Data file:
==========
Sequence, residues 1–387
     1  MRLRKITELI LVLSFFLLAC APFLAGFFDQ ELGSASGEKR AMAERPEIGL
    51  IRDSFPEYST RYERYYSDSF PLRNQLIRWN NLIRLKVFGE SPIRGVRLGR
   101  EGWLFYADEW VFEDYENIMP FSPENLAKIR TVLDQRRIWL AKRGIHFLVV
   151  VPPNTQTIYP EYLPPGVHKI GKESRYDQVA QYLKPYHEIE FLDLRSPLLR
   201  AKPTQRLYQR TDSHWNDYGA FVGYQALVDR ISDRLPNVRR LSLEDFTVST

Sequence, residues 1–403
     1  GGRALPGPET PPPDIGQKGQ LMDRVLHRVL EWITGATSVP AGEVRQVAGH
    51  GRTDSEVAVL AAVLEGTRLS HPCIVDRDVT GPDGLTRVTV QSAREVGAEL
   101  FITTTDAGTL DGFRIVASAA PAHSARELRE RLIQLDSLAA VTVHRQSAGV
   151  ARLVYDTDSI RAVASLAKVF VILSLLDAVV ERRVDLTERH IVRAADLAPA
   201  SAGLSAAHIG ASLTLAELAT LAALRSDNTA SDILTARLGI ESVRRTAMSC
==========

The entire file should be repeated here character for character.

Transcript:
Sequence, residues 1–387
     1  MRLRKITELI LVLSFFLLAC APFLAGFFDQ ELGSASGEKR AMAERPEIGL
    51  IRDSFPEYST RYERYYSDSF PLRNQLIRWN NLIRLKVFGE SPIRGVRLGR
   101  EGWLFYADEW VFEDYENIMP FSPENLAKIR TVLDQRRIWL AKRGIHFLVV
   151  VPPNTQTIYP EYLPPGVHKI GKESRYDQVA QYLKPYHEIE FLDLRSPLLR
   201  AKPTQRLYQR TDSHWNDYGA FVGYQALVDR ISDRLPNVRR LSLEDFTVST

Sequence, residues 1–403
     1  GGRALPGPET PPPDIGQKGQ LMDRVLHRVL EWITGATSVP AGEVRQVAGH
    51  GRTDSEVAVL AAVLEGTRLS HPCIVDRDVT GPDGLTRVTV QSAREVGAEL
   101  FITTTDAGTL DGFRIVASAA PAHSARELRE RLIQLDSLAA VTVHRQSAGV
   151  ARLVYDTDSI RAVASLAKVF VILSLLDAVV ERRVDLTERH IVRAADLAPA
   201  SAGLSAAHIG ASLTLAELAT LAALRSDNTA SDILTARLGI ESVRRTAMSC